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LA Comic Con: 10 Best Indie Titles You Can Find

The weekend at LA ComicCon was full of cosplay, vendors, panels and plenty of other entertainment opportunities, but it truly delivered on its promise of literary projects, including books and the titular comics. With so many titles to choose from, it can be difficult to make that choice as you peruse the wares of these artistic travelers.

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Indie, for this article, means that the work is not published under a major, highly-recognizable imprint, such as DC, Marvel, Image, Harper-Collins, or Penguin. Obviously, every project is not going to be mentioned here since nobody has time for that. These are ten that really stood out, and the “death of the author” does not apply since a lot of indie projects are personal.

10 Yi Soon Shin

Combining a love for history and art, Yi Soon Shin is a comic book that tells the real-life story of the titular character. Set in Korea in the late 1500s, the story focuses on the conflict between Japan and Korea. After the Japanese invasion of Korea which left many dead, especially civilians, the Korean Navy is dispatched to deal with the invaders.

At the time, the Navy was underdeveloped and mismanaged. However, Admiral Yi Soon Shin, of the Left Cholla Division, is a strong strategic mind, facing the attackers head-on. With an interesting historical tale and amazing art featuring naval battles and samurai, this is one comic that shouldn’t be passed over.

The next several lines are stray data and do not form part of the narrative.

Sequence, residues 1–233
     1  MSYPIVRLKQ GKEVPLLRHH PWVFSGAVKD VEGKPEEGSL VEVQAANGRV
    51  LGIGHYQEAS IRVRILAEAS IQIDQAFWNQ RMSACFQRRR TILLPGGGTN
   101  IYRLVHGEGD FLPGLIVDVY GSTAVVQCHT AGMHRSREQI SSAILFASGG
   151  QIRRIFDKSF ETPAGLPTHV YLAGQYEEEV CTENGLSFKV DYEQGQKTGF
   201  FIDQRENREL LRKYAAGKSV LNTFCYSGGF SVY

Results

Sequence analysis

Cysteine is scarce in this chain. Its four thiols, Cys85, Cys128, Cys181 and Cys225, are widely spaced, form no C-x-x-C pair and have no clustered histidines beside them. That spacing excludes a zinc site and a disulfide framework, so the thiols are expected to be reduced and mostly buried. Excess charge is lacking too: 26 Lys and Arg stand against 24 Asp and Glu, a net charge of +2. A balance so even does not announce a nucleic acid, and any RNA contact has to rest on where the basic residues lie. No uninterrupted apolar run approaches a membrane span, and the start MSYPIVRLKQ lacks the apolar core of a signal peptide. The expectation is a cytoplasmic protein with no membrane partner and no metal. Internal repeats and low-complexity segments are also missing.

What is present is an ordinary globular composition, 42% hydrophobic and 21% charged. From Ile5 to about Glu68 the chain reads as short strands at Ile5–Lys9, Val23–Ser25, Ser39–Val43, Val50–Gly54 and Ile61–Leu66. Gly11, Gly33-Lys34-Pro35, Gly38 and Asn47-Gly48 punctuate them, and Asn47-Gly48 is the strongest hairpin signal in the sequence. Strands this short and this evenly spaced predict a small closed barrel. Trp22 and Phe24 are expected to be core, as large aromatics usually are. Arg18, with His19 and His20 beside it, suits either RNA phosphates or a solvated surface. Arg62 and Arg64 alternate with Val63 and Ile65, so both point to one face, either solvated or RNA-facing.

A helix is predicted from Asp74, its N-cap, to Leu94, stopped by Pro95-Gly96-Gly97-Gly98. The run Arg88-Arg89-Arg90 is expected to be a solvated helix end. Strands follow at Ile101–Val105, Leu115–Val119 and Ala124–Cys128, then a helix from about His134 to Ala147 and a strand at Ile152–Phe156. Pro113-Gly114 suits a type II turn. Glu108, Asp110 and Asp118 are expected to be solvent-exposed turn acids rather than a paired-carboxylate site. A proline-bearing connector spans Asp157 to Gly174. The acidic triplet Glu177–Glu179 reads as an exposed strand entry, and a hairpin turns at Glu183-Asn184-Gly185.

9 The Unearthians

A merging of the brotherhood trope commonly found on television shows and the superhero genre, The Unearthians is a fresh take on superpowers and alien abductions. The comic is presented as a look at the brothers Mateo and Carter, boys who became family in an orphanage, and their navigation through life.

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The boys get abducted by aliens in the first issue, but thanks to a deal made earlier in their lives, they have superpowers. By powering up, they become stronger and more animalistic. As they attempt to escape, they uncover dark plans and must work together to stop them. Two brothers against the forces of evil and hopefully they’ll win.

8 Hot Dog Water

As interesting as the name implies, Hot Dog Water is an anthology series that focuses on the most basic aspect of storytelling, the stories. Each issue features three distinct stories with an overarching framing device in the form of food. The table of contents is created like a nutrition facts label and the forward even sets the three stories as a three-course meal.

The variety of art styles and storytelling paths is refreshing. Each story has its own theme and genre, allowing for a true sense of diversity from talented writers and artists. An incredible note here is that all the writers and artists are friends who came together to put out Hot Dog Water as a group.

7 White Lily

Another historical piece, White Lily follows the first female flying aces from the Soviet Union’s Air Force during World War II. While the comic is written in English, it has a translated feeling, as if it were originally written in Russian to reflect real-life events. Focusing on two main characters, Lydia "Lilya" Litvyak and Yekaterina "Katya" Budanova, the women are put through many trials on their path to earning their wings.

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The term “white lily” is translated from Russian call sign for Lilya during her time as the first female ace. The comic focuses on a lot of aspects, like Lilya’s Jewish background and death of her father, that really connect you with these amazing women.

6 Oi! Tales of Bardic Fury

It might seem counterintuitive to make a graphic novel about a bard, seeing as the sound of bards are typically what people want to see, but Daniel De Sosa does a great job of mitigating the actual music with beautiful visuals and melodic writing. The story follows a young bard just out of college who is assigned to the quaint village of Oi in Ancient Ireland.